This being the first year that I’m observing this (still haven’t settled on a name) festival, I know better than to decide that I know how it’ll be and then get upset when it doesn’t go according to my planning. This is first for the bull spirits, secondly for Poseidon, thirdly for Dionysos. I go where Poseidon leads, not the other way around. However, I think it’s fair to say that I was still not expecting to be ill for this and certainly not this ill. It works — it adds a whole alternate state of consciousness dimension to this . . . but it also adds hacking cough and long sneezing fits and flitting in and out of wakefulness. I have three distinct things planned, most of which happen on the last day, the 14th, and other than that I wanted things like exhaustion and pain and, well, I’m getting them.
As happens when I’m in no place at all to give attention to serious thoughts, last night while I drifted in and out of sleep, I found myself thinking on sacrifice, on the bull running, on bull jumping, on Apis. I support animal sacrifice, which is not and should not be the same thing as animal cruelty and torture. As a meat-eater, I would actually prefer that all the meat I consume be raised ethically and slaughtered in a spiritual setting. Since I don’t raise the animals that I consume, it has to be enough that the slaughter is humane.
So, it’s not that some of the bulls that are run wind up dying that bothers me. If we, in theory, considered the same set up as the bull running, that ended instead in a religious, sacrificial ritual wherein the bulls were slaughtered and their meat parceled out to the attending crowd, yes, it would bother me less. The bulls would still be terrorized. They would still be driven onward, in fear and in pain . . . but it wouldn’t be such a blatant waste, and in the end, there would be recognition of what was given.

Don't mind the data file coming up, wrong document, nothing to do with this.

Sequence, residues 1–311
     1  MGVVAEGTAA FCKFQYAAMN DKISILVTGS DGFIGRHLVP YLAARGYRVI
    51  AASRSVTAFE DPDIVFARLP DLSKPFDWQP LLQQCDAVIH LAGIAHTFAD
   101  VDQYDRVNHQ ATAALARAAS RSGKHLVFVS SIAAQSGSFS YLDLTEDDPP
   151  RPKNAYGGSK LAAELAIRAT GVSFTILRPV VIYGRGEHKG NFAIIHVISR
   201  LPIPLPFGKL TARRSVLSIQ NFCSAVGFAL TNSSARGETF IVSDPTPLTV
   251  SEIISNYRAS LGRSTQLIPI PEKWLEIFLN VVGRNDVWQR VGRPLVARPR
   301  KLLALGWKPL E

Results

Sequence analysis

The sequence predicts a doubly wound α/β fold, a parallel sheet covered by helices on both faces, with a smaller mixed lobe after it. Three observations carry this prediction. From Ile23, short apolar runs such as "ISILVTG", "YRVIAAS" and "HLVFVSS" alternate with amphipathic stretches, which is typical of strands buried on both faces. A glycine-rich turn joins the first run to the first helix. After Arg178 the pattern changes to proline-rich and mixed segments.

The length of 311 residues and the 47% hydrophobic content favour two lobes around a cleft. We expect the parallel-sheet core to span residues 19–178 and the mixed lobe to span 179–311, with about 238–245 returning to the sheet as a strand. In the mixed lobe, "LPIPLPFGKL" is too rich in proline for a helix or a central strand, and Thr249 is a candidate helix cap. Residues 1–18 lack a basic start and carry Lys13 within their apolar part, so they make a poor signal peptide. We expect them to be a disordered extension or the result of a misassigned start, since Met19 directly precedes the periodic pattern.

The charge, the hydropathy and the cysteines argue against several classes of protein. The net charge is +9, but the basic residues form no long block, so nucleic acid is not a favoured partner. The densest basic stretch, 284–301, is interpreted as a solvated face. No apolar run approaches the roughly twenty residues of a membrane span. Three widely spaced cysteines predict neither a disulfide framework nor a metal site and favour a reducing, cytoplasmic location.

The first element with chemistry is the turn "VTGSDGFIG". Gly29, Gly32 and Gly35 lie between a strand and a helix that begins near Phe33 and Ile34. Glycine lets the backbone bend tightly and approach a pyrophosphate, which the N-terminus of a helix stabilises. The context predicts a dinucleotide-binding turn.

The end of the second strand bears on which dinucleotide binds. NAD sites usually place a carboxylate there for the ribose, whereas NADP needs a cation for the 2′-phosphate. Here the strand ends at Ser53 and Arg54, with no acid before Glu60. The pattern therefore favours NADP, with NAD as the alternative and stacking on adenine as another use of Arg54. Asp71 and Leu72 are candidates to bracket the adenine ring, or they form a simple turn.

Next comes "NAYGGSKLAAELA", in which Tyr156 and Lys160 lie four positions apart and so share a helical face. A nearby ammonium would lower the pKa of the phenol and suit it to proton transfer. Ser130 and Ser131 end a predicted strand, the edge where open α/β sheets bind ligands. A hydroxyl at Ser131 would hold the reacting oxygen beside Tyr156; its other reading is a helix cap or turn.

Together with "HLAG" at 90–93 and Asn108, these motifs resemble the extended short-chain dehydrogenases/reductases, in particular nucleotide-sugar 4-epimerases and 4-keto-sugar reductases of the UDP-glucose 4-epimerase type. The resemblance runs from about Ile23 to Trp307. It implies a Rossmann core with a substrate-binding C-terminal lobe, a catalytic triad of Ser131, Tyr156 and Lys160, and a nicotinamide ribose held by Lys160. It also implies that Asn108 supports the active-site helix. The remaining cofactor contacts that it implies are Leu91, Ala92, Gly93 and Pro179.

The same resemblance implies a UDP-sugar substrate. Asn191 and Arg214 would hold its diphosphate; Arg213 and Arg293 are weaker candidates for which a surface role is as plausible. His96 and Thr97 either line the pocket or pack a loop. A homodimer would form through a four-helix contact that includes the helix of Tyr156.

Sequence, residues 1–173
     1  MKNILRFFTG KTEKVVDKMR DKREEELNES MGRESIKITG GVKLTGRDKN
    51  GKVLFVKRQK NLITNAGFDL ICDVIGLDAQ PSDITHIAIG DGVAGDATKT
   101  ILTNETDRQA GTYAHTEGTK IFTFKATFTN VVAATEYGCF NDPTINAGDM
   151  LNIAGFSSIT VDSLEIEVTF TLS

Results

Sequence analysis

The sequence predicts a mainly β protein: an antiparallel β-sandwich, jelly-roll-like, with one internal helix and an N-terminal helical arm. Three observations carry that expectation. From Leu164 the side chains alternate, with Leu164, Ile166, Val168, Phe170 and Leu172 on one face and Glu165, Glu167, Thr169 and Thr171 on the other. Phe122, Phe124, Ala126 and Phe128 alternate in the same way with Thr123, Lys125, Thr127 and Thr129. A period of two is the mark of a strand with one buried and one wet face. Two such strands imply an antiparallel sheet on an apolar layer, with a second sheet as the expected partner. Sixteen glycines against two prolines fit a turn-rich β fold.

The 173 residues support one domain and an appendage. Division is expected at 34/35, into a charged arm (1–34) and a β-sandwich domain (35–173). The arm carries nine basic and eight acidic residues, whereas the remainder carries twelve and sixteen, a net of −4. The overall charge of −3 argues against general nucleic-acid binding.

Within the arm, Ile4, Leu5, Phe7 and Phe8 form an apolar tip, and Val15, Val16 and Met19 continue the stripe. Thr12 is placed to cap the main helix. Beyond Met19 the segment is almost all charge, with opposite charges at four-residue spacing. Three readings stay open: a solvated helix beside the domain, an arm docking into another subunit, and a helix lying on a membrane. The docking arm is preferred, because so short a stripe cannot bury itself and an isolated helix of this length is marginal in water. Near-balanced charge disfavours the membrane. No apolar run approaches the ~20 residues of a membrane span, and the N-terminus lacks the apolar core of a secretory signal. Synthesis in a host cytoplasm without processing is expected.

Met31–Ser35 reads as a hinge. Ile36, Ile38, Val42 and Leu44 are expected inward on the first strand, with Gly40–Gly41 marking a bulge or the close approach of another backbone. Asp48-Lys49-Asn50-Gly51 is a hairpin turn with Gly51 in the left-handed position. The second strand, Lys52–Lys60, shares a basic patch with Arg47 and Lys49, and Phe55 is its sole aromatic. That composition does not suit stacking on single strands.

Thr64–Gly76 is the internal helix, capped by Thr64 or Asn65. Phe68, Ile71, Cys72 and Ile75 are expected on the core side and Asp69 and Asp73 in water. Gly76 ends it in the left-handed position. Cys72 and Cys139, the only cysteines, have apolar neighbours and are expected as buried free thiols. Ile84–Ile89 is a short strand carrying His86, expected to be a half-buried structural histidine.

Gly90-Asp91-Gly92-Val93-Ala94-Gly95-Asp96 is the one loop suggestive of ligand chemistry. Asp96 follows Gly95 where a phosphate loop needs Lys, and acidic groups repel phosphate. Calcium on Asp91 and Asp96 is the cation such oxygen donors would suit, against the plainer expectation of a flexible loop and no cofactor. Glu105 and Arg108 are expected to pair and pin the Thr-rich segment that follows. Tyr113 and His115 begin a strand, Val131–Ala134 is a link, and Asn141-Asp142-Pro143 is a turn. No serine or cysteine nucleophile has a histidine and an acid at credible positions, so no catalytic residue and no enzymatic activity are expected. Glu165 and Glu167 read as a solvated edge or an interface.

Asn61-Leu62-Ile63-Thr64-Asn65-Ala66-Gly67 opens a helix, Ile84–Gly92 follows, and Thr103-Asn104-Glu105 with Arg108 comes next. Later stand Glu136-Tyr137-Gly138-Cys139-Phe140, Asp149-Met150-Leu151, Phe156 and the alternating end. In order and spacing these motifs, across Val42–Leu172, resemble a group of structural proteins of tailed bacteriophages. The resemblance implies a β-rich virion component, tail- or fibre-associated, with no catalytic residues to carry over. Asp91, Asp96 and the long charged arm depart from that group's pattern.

That still doesn’t go far enough for me. Fear is unavoidable — animals who are used to different environments are placed in streets, in crowds. We as humans tend to strive to avoid fear, to squelch it from our lives, and I’m not sure that’s reasonable or even laudable. Fear is a part of being alive, part of being mortal. It should be embraced, experienced, lest it becomes a tether. But, I would rather there be less needless pain on their part. I don’t think suffering is avoidable in life anymore than I think fear is, but I do think that needless suffering should be avoided, when possible. Of course, this is all theoretical, leading to my theoretical sacrificing of bulls, rather than just running and terror and pain.
Bull is a majestic creature. I can easily wrap my head around what it must be, how amazing it must be, to run along side these charging beasts. Part of the downside of our modern lives is, we don’t really have outlets for this sort of thing, for men and women to pit themselves against nature, for the warriors within to be challenged, for the hunters to go forth and hunt and provide for the tribe. No, that’s not exactly what’s happening here, but I’m sure it touches upon that spirit, that instinct, that need. We say we want security and safety, and mostly we do, as a species, but we also know that we’re missing something, and that need then must be fulfilled in some other way. I’m sure the bull running fills that need for these people who partake in it. I say this so that people do not think I’m mindlessly against the bull running. I get the attraction. I honestly do. I just think it’s time that we, as a species, *think* about what we’re doing, and why, and see if there aren’t better options. Traditions for tradition’s sake is what is mindless; these things should be examined.